OSAKA — The Osaka District Court sentenced a 51-year-old former junior high school teacher to a suspended 30-month prison term Tuesday for molesting a 13-year-old female pupil last October.

Ginjiro Yamaji was arrested and charged after the student filed a criminal complaint against him the day after the incident, and was subsequently fired from the municipal junior high school he worked at in Sakai, Osaka Prefecture.

In handing down Tuesday’s sentence, which was suspended for three years, presiding Judge Tetsushi Yukawa said the act was malicious and the defendant abused his position as a teacher and took advantage of the girl’s inability to resist due to her shock at what was happening.

“Even after the incident, the victim has been exposed to the curious eyes of those around her, and has suffered emotional scars that will be difficult to heal,” Yukawa said.

Prosecutors had demanded a 30-month prison term.

Yamaji touched the girl after summoning her to an empty classroom before the start of the day’s lessons, the court said. The student had said she wanted to talk to Yamaji, her homeroom teacher, about her being bullied at school.

During a trial session last month, the girl herself took the witness stand and said she did not want to silently put up with being victimized, and demanded an apology from the defendant, who owned up to the allegations in court.

According to a lawyer representing the girl, she was criticized by friends, who told her that she had ruined the teacher’s life. Older students also made fun of her, taunting her as being a sexual harassment victim.

17 Turks on study program abscond KANAZAWA, Ishikawa Pref. (Kyodo) Seventeen male students from Turkey on a brief study program at a Japanese-language school here went AWOL shortly after arriving in the country, it was learned Tuesday.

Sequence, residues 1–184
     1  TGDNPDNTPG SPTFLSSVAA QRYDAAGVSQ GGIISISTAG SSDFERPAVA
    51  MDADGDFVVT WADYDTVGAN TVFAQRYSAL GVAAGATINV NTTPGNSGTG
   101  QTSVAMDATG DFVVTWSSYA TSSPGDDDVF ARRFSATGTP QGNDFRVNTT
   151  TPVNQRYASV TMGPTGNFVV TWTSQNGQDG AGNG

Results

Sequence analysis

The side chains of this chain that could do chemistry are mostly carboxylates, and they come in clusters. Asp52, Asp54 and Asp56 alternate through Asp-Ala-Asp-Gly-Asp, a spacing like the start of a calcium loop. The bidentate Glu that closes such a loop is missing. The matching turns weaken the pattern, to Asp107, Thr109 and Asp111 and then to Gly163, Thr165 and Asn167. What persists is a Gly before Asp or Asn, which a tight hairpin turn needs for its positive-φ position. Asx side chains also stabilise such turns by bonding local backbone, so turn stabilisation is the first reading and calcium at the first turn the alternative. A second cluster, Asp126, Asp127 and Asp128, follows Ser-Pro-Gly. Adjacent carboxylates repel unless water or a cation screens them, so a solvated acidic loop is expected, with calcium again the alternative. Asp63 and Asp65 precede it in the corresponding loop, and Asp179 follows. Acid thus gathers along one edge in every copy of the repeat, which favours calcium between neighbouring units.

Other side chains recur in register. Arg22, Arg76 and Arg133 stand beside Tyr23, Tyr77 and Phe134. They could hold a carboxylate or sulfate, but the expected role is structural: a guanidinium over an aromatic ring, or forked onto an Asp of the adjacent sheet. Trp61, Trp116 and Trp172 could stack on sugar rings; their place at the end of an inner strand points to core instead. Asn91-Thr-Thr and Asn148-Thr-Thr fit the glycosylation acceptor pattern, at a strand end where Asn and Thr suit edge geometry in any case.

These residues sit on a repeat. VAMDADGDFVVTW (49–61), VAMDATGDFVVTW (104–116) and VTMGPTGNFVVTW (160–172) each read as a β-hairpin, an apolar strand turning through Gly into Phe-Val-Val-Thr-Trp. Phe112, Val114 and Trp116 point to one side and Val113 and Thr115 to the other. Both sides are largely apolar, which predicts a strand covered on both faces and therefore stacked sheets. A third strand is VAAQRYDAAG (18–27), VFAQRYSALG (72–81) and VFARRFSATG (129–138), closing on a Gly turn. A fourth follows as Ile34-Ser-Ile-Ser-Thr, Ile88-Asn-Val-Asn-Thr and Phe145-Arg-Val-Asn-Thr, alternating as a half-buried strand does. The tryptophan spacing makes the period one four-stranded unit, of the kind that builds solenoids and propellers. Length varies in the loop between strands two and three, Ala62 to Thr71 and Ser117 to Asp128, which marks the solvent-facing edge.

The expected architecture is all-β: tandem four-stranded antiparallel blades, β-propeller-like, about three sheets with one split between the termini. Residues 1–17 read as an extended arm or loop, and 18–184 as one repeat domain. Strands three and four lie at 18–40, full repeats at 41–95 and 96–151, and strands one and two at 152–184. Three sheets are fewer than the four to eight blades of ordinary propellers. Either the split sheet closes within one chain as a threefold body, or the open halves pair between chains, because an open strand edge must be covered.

According to officials at Eurocentres Kanazawa, which is operated by a Swiss educational foundation, the 17, who arrived Feb. 14, are between the ages of 16 and 35.

At least one of them left a note that said “Arigato” (Thanks) at the home of his host family before disappearing, and local police said they suspect they all conspired to bolt in groups.

The students arrived at Kansai International Airport on Feb. 14 and stayed with 11 host families in the Kanazawa area. They were scheduled to leave Japan from Narita airport after finishing their Japanese-language and culture program on March 3.

Of the 17, 13 did not return to their host families on the evening of Feb. 15 — the day after they arrived in Japan — while the other four disappeared after attending morning classes on Feb. 17, school officials said.

The school said it accepts 100 to 150 overseas students every year.

In a time of both misinformation and too much information, quality journalism is more crucial than ever.
By subscribing, you can help us get the story right.